Fourth, it is an attempt, after almost 6 decades of Lasallian experience, to integrate pre-Spanish Filipino values with Western management concepts and principles in MOD classroom teaching and COSCA service learning. I did not relate the spiritual and religious program of the De La Salle University Campus Ministry, since I never had any significant engagement with that sector since 1961 as undergraduate student and more recently as MOD faculty.

The methods used in the paper are inter-disciplinary.  The paper makes use of heuristic research, historical research and storytelling by qualitatively narrating and exploring the concept related to spiritually-driven management.

Heuristic research attempted to discover the nature and meaning of phenomenon through internal self-search, exploration, and discovery (Moustakas & Douglass, 1985). I explored and pursued a creative journey that began with my personal experience as an axiologist and ultimately uncovered the direction of spiritually in the workplace (Hudtohan, 2014) as driver of management practice. It involved a self-search, self-dialogue and self-discovery until I arrived at my own inner awareness, meaning and inspiration regarding spirituality.  I attempted to discover the nature and meaning of spirituality as a phenomenon through self-reflection, exploration, and elucidation of my experiences.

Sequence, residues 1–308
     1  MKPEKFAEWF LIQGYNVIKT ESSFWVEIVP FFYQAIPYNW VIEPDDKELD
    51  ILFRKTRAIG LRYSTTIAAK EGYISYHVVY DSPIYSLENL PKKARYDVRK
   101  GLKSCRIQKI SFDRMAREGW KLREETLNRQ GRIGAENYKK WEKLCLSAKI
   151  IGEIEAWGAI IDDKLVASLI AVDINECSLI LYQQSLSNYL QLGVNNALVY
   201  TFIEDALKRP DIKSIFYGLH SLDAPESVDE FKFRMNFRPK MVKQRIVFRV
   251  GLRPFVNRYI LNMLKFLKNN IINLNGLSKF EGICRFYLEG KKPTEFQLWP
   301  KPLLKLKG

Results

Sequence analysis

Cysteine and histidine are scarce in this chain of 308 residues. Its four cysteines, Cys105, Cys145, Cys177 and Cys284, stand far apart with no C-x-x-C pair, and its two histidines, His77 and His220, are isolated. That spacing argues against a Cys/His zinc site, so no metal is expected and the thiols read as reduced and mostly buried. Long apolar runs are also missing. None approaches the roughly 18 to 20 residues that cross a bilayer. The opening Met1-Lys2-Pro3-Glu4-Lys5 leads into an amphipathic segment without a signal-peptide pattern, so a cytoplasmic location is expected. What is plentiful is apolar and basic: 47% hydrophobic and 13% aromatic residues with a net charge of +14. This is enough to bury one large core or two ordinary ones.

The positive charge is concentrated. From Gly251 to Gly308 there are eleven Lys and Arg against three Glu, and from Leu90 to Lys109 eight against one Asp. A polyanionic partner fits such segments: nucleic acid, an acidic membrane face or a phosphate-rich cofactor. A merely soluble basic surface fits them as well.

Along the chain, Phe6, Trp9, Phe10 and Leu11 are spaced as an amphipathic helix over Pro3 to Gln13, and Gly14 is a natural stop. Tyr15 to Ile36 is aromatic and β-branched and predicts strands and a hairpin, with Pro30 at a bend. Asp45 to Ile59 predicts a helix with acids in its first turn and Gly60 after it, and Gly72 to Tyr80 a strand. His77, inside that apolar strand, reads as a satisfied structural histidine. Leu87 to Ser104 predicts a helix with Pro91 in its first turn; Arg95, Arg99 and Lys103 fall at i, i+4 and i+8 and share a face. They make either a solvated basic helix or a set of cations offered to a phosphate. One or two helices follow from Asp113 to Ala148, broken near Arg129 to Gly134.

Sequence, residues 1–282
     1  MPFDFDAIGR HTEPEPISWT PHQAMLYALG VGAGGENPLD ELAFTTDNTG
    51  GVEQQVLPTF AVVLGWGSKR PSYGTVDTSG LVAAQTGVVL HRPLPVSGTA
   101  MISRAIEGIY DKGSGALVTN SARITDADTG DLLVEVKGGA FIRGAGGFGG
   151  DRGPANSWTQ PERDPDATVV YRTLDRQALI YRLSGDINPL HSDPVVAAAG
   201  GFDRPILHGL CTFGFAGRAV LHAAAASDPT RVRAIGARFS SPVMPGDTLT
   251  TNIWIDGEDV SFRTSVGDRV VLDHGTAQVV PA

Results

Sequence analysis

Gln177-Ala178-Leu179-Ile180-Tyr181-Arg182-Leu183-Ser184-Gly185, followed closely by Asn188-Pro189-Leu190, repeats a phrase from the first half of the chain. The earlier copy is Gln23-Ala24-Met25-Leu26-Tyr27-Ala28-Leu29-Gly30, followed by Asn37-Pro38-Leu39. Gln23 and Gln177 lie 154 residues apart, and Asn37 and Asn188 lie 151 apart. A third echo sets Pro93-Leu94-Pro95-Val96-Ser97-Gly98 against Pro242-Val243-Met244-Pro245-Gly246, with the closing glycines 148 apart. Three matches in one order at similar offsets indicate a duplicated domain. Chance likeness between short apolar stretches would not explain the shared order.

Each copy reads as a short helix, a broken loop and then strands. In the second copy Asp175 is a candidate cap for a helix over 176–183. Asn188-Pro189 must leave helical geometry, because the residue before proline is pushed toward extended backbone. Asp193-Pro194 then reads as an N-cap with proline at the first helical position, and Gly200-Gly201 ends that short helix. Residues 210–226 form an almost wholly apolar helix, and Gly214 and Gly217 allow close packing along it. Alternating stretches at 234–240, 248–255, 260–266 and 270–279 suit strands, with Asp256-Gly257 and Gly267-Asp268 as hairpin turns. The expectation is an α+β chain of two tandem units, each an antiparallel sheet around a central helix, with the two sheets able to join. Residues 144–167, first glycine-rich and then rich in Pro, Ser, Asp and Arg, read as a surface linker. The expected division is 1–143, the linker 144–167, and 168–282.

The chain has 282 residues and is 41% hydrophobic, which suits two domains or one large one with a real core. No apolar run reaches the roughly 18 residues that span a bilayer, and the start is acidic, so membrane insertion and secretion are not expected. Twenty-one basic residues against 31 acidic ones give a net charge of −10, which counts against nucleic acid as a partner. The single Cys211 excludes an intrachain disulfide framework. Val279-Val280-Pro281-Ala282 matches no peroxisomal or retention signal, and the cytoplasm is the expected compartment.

The historical method (Bloch, 1962) provided a retrospect-prospect perspective (Gonzales & Tirol, 1984; Hudtohan, 2005) on spirituality in the workplace.  A historical review of related literature on SR and SRW (Geigel, 2012; Karakas, 2010) provided empirical support in conceptualizing a spiritually-driven management framework.  While retrogression in statistics predicts a future result, qualitative historical retrospection creates a direction for future prospect for change and innovation, which ultimately calls for creative fidelity (Johnston, 2000; Marcel, 1964).